The Huntsman: Winter’s War
Charlize Theron, Emily Blunt, Jessica Chastain, Chris Hemsworth
FilmInk rates movies out of $20 — the score indicates the amount we believe a ticket to the movie to be worth
…over-produced and under-directed…
Long before the evil Queen Ravenna (Charlize Theron) was thought vanquished by Snow White’s blade, she watched silently as her sister, Freya (Emily Blunt), suffered a heartbreaking betrayal and fled their kingdom. With Freya’s ability to freeze any enemy, the young ice queen spent years in a remote, wintry palace raising a legion of deadly Huntsmen, including Eric (Chris Hemsworth) and warrior Sara (Jessica Chastain), only to find that her prized two defied her one demand: forever harden your hearts to love.
When Freya learns of her sister’s demise, she summons her remaining soldiers to bring the Magic Mirror home to the only sorceress left who can harness its power. But the mirror’s golden depths hold unforeseen power, which threatens the enchanted land with more darkness than it’s ever seen. Now, Freya’s army shall prove unbeatable unless the banished Huntsmen who broke their Queen’s cardinal rule can fight their way back to one another.
Let’s face it, the expectations for this one were pretty lukewarm – and well they should be. While The Huntsman: Winter’s War is the flailing sequel-prequel (yes, somehow it’s both) to the largely forgettable Snow White & The Huntsman, its widely received criticisms are a tad undeserved. Sure, the script is a dog’s breakfast, as is the editing and the over-all plot, which seems to change inexplicably throughout – but the cast is skilled enough to keep you interested. Sadly though, the film is over-produced and under-directed, and while debut helmer, Cedric Nicolas-Troyan, pulls off great action scenes and fantasy-realism, it isn’t quite enough to carry the film.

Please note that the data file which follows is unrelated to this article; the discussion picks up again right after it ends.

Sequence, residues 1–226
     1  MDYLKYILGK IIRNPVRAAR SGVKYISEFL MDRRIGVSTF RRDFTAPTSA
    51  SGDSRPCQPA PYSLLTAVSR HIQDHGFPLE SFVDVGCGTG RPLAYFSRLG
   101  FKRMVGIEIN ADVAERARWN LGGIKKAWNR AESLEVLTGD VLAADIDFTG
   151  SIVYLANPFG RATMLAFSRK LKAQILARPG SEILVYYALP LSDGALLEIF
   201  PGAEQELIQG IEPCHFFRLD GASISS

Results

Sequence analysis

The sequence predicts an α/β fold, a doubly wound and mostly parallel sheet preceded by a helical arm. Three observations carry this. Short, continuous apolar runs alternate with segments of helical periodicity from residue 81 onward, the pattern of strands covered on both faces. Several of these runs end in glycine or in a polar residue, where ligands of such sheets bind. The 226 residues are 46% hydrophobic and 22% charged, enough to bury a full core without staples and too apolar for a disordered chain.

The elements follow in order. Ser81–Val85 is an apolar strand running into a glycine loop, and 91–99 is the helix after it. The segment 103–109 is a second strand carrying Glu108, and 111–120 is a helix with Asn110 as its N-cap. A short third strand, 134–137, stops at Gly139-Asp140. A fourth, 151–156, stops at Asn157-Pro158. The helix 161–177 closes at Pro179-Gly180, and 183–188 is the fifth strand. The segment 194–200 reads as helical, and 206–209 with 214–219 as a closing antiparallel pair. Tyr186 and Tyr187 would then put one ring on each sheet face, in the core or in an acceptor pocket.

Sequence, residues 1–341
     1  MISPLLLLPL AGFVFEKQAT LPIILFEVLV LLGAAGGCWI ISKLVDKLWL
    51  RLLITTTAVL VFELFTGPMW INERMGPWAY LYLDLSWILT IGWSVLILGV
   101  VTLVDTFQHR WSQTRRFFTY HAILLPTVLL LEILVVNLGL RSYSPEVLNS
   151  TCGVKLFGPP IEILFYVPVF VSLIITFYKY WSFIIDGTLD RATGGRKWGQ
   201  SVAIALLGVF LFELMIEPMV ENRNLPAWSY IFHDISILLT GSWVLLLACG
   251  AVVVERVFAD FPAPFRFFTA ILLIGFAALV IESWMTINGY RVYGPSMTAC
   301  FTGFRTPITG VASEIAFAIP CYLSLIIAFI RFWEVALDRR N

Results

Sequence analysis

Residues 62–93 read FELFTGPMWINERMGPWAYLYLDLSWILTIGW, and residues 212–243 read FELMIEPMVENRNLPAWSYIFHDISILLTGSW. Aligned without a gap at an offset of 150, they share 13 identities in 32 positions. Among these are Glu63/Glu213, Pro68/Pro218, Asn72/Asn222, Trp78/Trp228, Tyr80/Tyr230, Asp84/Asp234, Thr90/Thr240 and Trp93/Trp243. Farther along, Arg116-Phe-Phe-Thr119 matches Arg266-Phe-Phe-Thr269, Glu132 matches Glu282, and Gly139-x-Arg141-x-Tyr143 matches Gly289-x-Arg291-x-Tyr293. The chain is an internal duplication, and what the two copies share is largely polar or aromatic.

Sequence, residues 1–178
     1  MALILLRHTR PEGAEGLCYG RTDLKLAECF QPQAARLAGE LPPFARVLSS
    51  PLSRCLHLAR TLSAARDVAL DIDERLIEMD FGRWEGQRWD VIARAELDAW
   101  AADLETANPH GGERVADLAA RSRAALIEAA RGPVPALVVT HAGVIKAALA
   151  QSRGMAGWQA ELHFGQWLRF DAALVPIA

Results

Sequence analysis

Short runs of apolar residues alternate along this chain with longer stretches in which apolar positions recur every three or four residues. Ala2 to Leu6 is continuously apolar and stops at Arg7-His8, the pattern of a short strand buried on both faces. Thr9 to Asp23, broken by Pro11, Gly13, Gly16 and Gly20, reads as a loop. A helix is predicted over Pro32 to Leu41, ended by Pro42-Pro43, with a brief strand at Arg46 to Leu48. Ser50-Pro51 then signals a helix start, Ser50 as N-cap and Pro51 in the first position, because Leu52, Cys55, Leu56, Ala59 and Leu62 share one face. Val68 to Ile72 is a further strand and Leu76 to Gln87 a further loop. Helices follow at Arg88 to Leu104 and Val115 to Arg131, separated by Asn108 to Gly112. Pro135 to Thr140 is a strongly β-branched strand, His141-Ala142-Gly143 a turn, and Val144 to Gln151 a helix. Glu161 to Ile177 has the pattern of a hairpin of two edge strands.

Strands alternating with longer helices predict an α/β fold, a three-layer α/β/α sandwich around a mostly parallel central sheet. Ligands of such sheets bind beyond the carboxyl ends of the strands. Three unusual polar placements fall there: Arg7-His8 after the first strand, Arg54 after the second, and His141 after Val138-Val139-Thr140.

There is scenery-chewing from Theron and Chastain, and Hemsworth is predictably charming, handsome, and little more. Blunt, however, is the saving grace of the piece, giving her ice queen an alluring introverted malevolence that has you wishing she had more screen time. Criticisms aside, there are choice moments, including support from Nick Frost and Rob Brydon as two of Snow White’s dwarves. They add a much needed pinch of brevity to the otherwise beige script – fans of Edgar Wright regular, Nick Frost, in particular will get their jollies. The costumes, makeup, and hair are incredibly well executed, the action scenes are pretty killer, and the people are really attractive…but if you’re going in wanting more, you’re out of luck.